In connection with the initiation of the Act, it should be remembered that Sanatorium benefit was the only benefit which was immediately operative in July, 1912. During' the first year, in the United Kingdom, nearly 20,000 persons received the benefit of some kind of treatment in connection with Tuberculosis. More definite information for a portion of the year is contained in a table which is taken from official sources and which is incorporated in these pages.

Medical benefit began to operate in January, 1913, and since then on the average in the United Kingdom nearly 500.000 persons have received medical treatment and attention every week.

Sickness benefit started in January, 1913, and on the average in round figures 270,000 persons have received weekly sick pay in the United Kingdom.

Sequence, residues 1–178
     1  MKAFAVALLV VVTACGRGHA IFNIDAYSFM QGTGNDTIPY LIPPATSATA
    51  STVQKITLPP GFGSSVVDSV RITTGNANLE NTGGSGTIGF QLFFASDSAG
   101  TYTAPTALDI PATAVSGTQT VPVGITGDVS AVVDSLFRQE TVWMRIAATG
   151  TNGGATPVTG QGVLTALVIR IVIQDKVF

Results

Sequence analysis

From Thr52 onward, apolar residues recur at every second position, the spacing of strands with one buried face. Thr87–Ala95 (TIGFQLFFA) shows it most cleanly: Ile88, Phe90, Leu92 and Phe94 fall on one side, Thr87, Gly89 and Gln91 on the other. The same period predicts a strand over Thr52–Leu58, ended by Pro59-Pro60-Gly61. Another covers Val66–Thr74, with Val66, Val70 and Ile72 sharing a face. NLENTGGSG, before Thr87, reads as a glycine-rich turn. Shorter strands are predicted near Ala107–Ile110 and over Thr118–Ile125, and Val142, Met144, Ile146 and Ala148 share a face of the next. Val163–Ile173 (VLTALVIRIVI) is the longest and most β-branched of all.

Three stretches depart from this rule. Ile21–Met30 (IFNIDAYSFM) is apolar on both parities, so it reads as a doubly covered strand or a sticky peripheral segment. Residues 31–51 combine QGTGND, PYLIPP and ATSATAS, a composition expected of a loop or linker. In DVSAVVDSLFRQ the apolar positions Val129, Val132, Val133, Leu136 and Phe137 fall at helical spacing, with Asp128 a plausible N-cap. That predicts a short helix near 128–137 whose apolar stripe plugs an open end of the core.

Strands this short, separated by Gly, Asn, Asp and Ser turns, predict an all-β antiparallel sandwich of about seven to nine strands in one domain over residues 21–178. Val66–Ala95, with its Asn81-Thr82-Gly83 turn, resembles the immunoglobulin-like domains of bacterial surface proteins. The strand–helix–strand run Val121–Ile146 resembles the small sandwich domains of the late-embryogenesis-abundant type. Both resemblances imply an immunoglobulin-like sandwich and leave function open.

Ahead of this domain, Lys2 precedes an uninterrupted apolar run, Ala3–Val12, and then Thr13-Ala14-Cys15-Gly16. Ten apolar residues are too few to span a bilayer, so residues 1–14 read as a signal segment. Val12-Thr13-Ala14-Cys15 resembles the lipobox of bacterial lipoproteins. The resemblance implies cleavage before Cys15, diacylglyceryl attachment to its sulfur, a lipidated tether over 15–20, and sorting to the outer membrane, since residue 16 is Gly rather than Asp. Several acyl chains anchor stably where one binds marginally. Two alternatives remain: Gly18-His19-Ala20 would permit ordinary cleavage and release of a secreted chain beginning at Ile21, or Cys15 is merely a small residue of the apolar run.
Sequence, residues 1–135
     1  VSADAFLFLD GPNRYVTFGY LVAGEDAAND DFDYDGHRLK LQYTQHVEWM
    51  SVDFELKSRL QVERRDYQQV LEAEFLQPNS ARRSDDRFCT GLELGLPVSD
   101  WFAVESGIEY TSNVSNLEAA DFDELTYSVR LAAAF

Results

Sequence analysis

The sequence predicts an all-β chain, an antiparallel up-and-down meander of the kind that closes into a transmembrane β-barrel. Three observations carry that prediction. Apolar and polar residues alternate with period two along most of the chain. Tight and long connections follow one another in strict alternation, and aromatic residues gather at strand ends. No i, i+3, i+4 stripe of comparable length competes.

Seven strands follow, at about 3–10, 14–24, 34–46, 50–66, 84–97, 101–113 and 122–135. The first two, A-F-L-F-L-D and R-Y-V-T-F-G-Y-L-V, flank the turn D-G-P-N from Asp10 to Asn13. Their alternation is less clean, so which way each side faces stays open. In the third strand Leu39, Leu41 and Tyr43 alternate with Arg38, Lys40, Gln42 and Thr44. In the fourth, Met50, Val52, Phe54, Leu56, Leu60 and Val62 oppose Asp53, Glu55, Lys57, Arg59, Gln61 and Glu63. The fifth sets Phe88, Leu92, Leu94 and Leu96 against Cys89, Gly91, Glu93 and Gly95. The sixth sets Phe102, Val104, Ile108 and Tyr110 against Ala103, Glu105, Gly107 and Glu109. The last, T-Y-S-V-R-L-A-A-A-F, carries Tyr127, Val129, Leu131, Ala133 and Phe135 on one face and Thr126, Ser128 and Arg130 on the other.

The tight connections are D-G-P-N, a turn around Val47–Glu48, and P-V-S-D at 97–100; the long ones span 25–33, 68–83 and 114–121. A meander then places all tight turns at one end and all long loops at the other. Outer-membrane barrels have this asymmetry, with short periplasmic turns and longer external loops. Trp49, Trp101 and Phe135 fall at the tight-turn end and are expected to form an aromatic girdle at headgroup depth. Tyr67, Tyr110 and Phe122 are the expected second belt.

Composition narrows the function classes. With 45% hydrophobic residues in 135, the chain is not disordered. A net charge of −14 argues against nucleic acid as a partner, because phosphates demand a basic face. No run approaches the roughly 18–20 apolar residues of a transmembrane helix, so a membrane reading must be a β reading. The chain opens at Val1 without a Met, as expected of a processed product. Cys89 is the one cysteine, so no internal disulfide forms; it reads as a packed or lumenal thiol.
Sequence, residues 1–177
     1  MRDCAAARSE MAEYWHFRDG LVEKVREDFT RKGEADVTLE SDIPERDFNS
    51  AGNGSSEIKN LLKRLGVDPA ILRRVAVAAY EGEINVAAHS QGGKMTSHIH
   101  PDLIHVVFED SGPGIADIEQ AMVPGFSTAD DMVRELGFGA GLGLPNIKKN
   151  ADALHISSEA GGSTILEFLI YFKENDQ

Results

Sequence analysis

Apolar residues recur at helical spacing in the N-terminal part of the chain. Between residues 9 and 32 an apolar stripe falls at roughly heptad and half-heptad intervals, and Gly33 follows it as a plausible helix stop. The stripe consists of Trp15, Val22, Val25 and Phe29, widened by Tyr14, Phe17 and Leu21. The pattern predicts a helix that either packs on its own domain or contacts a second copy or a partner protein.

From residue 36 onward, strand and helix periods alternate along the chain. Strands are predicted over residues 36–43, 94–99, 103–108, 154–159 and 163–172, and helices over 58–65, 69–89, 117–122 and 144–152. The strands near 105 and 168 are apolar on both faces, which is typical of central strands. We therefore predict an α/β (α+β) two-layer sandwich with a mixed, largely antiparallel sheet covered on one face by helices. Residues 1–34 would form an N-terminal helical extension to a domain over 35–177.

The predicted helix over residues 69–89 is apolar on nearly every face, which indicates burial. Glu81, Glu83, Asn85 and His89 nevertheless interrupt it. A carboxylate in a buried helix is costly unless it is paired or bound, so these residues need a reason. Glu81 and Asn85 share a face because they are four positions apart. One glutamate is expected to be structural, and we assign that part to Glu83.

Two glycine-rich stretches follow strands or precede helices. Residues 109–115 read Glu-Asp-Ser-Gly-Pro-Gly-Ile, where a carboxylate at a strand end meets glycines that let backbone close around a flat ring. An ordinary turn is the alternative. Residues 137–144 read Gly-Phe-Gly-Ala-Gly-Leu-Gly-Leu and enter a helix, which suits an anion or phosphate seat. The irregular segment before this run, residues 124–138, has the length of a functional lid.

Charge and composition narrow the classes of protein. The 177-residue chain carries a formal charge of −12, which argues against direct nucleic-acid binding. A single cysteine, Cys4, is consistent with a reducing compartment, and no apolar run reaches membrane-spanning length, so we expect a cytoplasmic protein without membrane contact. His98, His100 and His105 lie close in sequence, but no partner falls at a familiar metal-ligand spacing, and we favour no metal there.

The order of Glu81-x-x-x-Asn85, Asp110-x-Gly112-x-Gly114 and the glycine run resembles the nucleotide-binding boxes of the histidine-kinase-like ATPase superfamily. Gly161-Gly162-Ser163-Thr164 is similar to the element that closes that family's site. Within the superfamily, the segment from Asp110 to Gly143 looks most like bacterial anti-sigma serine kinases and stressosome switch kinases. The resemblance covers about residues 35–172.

Maternity benefit also began in January, 1913, and nearly 18.000 maternity benefits have been paid weekly.

In six months a sum approaching 2,500,000 has been paid in treating insured persons who were receiving medical benefit. In the same period nearly two-and-a-half millions have been disbursed in payment of sickness claims. In half a year nearly half a million of maternity benefit has been paid.


The following details are taken from official sources of the actual progress made in initiating the National Insurance Act in Scotland :—

Sale of Stamps.

The amount received from the sale of health insurance stamps in Scotland up to the 11th July was ;£2,040,000. To these receipts there would fall to be added Government grants both special and those of two-ninths (or one-fourth) of the cost of benefits and administration.

Expenditure upon Benefits, etc.